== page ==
Those on prepayment meters will be hit with an increase of £708 from £1,309 to £2,017.

However, the advice for the majority of homeowners is still to remain on their suppliers’ default tariff once an existing fixed deal ends.

Default or variable tariffs used to be more expensive, but the fact that they are protected by the price cap means they are now better value than fixed deals, which suppliers have hiked up beyond the price cap limits.

Price rises could push people into newer homes

JLL said that the astronomical rises in the price of energy could mean more Britons choose an energy-efficient new-build the next time they move home.

In 2021, 84 per cent of new build homes achieved an A or B EPC rating, compared with just 4 per cent of existing properties.

The new homes industry can tap into demand from households who not only want to do their best for the climate, but also save themselves money too

Marcus Dixon of property firm JLL  

Marcus Dixon, director of UK residential research at JLL, said: ‘Increasing the energy price cap on 1 April could see bills for the average band G home hit almost £5,000 a year, up £145 per month on current rates.

‘More efficient homes don’t escape the price rises either, albeit those paying energy bills for homes in bands A to C will be on average £3,246 a year better off than their neighbours in a band G home.

‘There is an opportunity here for the new homes industry, offering best in class efficiency and tapping into demand from households who not only want to do their best for the climate, but also save themselves money too.’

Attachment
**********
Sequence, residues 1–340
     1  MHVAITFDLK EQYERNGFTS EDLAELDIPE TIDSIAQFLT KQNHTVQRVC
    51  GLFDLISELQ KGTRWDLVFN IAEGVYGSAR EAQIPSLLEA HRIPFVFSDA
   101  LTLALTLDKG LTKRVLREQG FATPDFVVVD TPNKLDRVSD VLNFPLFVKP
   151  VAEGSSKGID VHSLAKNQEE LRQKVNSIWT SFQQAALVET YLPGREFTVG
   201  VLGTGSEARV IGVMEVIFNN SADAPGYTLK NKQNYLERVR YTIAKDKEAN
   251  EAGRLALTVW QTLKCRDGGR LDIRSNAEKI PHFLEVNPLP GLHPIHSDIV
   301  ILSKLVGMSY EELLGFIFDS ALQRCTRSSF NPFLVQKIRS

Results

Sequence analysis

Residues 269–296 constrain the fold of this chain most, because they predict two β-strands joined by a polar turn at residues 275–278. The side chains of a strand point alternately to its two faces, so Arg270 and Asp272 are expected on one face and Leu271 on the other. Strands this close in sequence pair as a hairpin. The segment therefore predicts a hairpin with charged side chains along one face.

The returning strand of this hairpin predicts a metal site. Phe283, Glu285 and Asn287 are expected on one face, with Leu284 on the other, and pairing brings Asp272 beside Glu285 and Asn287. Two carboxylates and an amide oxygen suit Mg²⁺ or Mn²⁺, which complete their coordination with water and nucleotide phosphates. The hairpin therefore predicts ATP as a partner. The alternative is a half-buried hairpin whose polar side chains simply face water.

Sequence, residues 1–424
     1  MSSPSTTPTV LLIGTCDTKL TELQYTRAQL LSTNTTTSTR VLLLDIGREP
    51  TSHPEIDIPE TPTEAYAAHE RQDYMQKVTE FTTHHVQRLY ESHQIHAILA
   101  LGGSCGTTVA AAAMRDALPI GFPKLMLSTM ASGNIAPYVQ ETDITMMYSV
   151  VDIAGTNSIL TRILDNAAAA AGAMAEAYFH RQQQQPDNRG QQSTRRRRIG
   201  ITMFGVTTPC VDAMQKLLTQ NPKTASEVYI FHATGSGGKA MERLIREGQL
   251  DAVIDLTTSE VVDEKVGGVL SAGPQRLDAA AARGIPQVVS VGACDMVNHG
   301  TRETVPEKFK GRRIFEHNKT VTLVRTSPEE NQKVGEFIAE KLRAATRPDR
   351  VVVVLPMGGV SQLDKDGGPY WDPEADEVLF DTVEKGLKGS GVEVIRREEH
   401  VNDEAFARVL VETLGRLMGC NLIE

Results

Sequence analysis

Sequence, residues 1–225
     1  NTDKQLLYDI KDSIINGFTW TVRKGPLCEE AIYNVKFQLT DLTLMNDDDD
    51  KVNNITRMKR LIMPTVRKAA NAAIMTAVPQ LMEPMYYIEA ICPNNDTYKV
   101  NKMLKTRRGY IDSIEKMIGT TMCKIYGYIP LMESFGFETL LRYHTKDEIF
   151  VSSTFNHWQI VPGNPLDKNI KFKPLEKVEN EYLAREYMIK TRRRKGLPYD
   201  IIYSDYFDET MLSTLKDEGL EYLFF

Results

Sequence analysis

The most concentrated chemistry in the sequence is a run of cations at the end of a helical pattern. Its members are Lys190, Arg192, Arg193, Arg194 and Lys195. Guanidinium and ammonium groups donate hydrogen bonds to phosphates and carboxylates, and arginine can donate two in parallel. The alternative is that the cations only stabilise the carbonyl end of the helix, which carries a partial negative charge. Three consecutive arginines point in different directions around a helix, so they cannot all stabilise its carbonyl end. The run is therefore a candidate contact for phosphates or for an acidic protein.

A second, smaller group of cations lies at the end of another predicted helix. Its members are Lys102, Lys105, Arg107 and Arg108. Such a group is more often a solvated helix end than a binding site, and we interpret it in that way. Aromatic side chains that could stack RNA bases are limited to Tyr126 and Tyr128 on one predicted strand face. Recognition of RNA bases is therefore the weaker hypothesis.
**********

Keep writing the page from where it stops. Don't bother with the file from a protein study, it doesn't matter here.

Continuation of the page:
JLL’s report said that renovating an older property to make it more energy efficient was much more expensive than adding the same features to a new-build property during its construction. 

This, it said, was ‘even after the VAT rate on installing energy efficiency measures was cut in the Spring statement from 5 per cent to 0 per cent.’

Priority: Home Buyers Federation data suggests 'having a good EPC rating' is increasingly important to homeowners - as it can help to bring down their electricity and gas bills

Priority: Home Buyers Federation data suggests ‘having a good EPC rating’ is increasingly important to homeowners – as it can help to bring down their electricity and gas bills

JLL cited figures from the Government’s Climate Change Committee which suggested that making a new-build home ‘highly’ energy efficient added an additional £5,000 to the build cost. 

In contrast, the bill for retrofitting an existing home would be almost five times more at £23,000. 

New research by the Homes Builders Federation has also suggested that home buyers are more interested than ever in having an energy efficient property.

In a survey it found that 3 in 4 people were worried about their home’s energy performance, while 1 in 4 said energy efficiency would be a crucial factor in their next home move.

Being ‘eco-friendly’ and ‘having a good EPC rating’ were the second and third most desirable features in a new home, behind outdoor space.